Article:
The private sector is the prime driver for Congress to take up data privacy legislation in 2019, industry panelists said Thursday at an event organized by Bloomberg Government.
In the run-up to this fall’s midterm elections, numerous big-tech firms–and/or the D.C.-savvy trade associations that represent them–published policy and legislative wish lists for action on data privacy, while several members of Congress floated policy positions on the merits of consumer opt-in and opt-out regimes for collection of personal data, and regulations on data collectors and sellers.
Up for grabs in the debate thus far are relatively industry-friendly provisions that would preempt state regulation, create legal safe harbors for adequate performance on security measures, and appoint the Federal Trade Commission as a data privacy regulator.
While any conclusive congressional action on data privacy next year is very far from a sure bet, it appears to be game-on for a serious run at a new law.
Josh Kallmer, executive vice president-policy at the Information Technology Industry Council, said at Thursday’s event that industry’s desire for the certainty that Federal legislation can provide is rooted in the increasingly accepted principle that “data is indispensable” to many businesses, along with a “qualitative shift on economic globalization…that relies on data.”
As a result, “there is a shared interest in developing rules of the road [for data use] that are up to date and contextual,” he said.
“The question is how do policymakers catch up with a world that is awash in data,” said Tom Gann, chief public policy officer and head of government relations at McAfee. “We are hitting a crisis” where existing regulations governing data privacy and security “are starting to break down,” he asserted.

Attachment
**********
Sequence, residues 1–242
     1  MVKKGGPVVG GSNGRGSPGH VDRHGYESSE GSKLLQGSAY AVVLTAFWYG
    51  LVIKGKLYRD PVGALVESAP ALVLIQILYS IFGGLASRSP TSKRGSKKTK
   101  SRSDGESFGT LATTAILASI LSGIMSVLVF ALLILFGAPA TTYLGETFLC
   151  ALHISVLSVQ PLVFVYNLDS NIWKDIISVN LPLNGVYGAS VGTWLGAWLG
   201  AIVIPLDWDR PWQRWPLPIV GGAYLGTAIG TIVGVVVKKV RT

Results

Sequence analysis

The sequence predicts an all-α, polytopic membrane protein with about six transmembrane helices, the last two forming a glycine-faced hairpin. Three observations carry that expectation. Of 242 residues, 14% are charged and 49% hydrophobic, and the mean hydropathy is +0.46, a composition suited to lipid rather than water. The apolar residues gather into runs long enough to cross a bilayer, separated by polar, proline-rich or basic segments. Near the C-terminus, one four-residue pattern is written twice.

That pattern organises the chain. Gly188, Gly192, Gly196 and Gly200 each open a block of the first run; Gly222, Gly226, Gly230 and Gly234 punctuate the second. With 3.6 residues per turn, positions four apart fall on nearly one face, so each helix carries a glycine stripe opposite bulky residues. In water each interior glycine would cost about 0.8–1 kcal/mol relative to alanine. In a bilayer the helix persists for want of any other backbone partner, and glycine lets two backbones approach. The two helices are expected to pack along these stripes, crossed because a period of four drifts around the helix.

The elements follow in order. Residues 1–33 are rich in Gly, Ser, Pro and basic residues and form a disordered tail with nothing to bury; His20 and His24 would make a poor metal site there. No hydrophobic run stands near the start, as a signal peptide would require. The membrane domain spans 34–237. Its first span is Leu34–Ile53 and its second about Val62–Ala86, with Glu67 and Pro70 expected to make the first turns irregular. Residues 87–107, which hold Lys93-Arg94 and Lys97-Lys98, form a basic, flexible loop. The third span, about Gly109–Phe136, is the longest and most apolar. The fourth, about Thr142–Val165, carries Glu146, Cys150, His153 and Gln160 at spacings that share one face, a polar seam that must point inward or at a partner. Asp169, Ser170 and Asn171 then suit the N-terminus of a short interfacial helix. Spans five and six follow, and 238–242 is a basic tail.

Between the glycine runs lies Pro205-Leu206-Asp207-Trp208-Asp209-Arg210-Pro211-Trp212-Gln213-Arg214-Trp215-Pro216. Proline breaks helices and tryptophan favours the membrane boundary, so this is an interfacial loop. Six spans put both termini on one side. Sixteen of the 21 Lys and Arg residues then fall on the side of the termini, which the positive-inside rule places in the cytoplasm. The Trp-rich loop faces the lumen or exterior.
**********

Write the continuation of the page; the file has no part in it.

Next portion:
Charles Romine, director of the National Institute of Standards and Technology’s Information Technology Laboratory, agreed that industry has “a hunger for standards on privacy”–an opinion informed by NIST’s close work with industry on a range of standards including cybersecurity.
Gann said, “there may be just enough pressure in the system to pass legislation…It’s always hard to pass legislation.” He said that a definition of “minimal success” in the data privacy area could be adoption by industry of a set of data privacy principles offered up by the White House earlier this year.
“It’s very much going to be a focus of discussion,” in Congress in 2019, Kallmer said of data privacy. Shepherding legislation through both houses of Congress and then to the White House “will be hard–it should be hard,” he said, adding, “it’s important to get it right.”